How on Earth does Paramount intend to protect “Star Trek Beyond” from piracy at its upcoming world premiere — a splashy Comic-Con event that will mark the first ever outdoor IMAX screening?
The film studio announced in May that the premiere screening would invite hundreds of fans and contest winners to San Diego’s Embarcadero Marina Park, a coastal promontory with a capacity of 3,000.
The park is surrounded by a marina that docks hundreds of boats, apartment buildings and hotels lining San Diego’s downtown area — to say nothing of the San Diego Convention Center itself, where any costumed fan with a camera zoom function might record footage two days before the film’s July 22 theatrical opening.
The challenge is enormous, particularly given the size and devotion of the film’s fan base — not to mention some unique elements that could attract opportunists.
Much like the black holes of deep space, neither SDCC, Paramount or reps for IMAX would shed light on any special anti-piracy efforts being made for the event.
One individual familiar with the studio’s plans told TheWrap that every pre-release screening, including this premiere, had surveillance in place for piracy. The insider did not elaborate on additional measures for this event.
The stakes are high for Paramount, which has comparatively few major franchises in its arsenal and is counting on a much-needed hit box office hit – particularly since the company is in the midst of corporate drama over a proposed minority-stake sale. 2013’s “Star Trek Into Darkness” grossed $228 million domestically.
“Star Trek Beyond,” with a reported production budget of $150 million, has generated even more curiosity — and paparazzi interest — since the untimely death of co-star Anton Yelchin, who played engineer Pavel Chekov. It’s also likely the film will open with some kind of tribute to 27-year-old actor and the late Leonard Nimoy, a lead in the original “Star Trek” series and many previous film adaptations, who died in 2015.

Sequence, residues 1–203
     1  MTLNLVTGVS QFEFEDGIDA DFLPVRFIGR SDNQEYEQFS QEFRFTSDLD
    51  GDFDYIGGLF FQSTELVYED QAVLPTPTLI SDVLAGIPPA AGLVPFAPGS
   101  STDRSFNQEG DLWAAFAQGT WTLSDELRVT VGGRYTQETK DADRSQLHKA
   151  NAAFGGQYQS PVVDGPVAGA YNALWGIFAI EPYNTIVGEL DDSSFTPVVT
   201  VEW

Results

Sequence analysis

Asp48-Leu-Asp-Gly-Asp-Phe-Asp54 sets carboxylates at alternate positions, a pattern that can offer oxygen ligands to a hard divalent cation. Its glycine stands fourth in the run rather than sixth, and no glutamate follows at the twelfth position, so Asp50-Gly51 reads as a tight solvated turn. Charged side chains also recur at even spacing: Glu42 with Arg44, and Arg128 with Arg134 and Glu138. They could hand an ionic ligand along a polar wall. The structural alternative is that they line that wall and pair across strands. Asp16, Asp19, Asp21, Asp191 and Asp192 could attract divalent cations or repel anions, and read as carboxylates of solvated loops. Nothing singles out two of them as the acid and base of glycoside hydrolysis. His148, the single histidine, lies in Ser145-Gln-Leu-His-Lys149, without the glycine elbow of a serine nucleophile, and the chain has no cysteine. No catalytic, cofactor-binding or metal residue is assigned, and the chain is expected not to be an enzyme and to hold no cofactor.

Tech fans could also be curious about the performance of IMAX technology in an outdoor setting as it competes with noise and light from a busy metropolis and harbor.
To be fair, there are plenty of tall trees on the grounds of the Embarcadero Marina Park, and fans might adhere to smartphone check-ins or, dare we say, an honor system when it comes to capturing footage. There’s also the reality that any footage shot from a distance would be of poor quality. But any leak of footage could have a negative effect, even coming two days before the movie’s wide release.
The apparent openness surrounding the “Star Trek Beyond” premiere stands in stark contrast to the heavy security at a promotional fan event was held at the Paramount lot in Hollywood on May 20.
Even after a security checkpoint to enter the studio lot, participants had to go through a metal detector scan. Following a panel with producer J.J. Abrams and select cast on Stage 31, where the original “Star Trek” series was filmed, the group was then ushered onto another stage to screen unfinished footage.
Black velvet drapes lined a standing-room only space, with a single screen mounted on the wall. Every single smartphone was taken, placed in a foam case and secured with a magnetized pin lock (think the security tags used on clothes in department stores). Stage doors were locked, and security guards on ladders used night vision binoculars to survey the small, packed throng of viewers as they watched under two minutes of clips.
Comic-Con may be the film’s big coming out party, but beyond the confines of an exclusive locked-down studio experience — this bold outdoor premiere might not be a day in the park.